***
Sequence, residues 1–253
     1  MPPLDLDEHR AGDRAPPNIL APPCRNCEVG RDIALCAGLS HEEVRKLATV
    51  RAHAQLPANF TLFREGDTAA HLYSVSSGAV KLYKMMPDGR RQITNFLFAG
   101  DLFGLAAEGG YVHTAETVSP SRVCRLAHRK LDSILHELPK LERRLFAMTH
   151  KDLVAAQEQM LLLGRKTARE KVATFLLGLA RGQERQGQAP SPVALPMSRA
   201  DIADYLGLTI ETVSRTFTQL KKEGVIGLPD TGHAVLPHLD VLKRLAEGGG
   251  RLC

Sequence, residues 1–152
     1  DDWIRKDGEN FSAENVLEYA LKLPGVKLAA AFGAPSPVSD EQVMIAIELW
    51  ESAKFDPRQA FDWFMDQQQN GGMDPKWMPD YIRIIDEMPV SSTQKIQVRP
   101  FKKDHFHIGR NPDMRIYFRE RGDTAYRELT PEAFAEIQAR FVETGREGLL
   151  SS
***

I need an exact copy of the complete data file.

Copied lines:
Sequence, residues 1–253
     1  MPPLDLDEHR AGDRAPPNIL APPCRNCEVG RDIALCAGLS HEEVRKLATV
    51  RAHAQLPANF TLFREGDTAA HLYSVSSGAV KLYKMMPDGR RQITNFLFAG
   101  DLFGLAAEGG YVHTAETVSP SRVCRLAHRK LDSILHELPK LERRLFAMTH
   151  KDLVAAQEQM LLLGRKTARE KVATFLLGLA RGQERQGQAP SPVALPMSRA
   201  DIADYLGLTI ETVSRTFTQL KKEGVIGLPD TGHAVLPHLD VLKRLAEGGG
   251  RLC

Sequence, residues 1–152
     1  DDWIRKDGEN FSAENVLEYA LKLPGVKLAA AFGAPSPVSD EQVMIAIELW
    51  ESAKFDPRQA FDWFMDQQQN GGMDPKWMPD YIRIIDEMPV SSTQKIQVRP
   101  FKKDHFHIGR NPDMRIYFRE RGDTAYRELT PEAFAEIQAR FVETGREGLL
   151  SS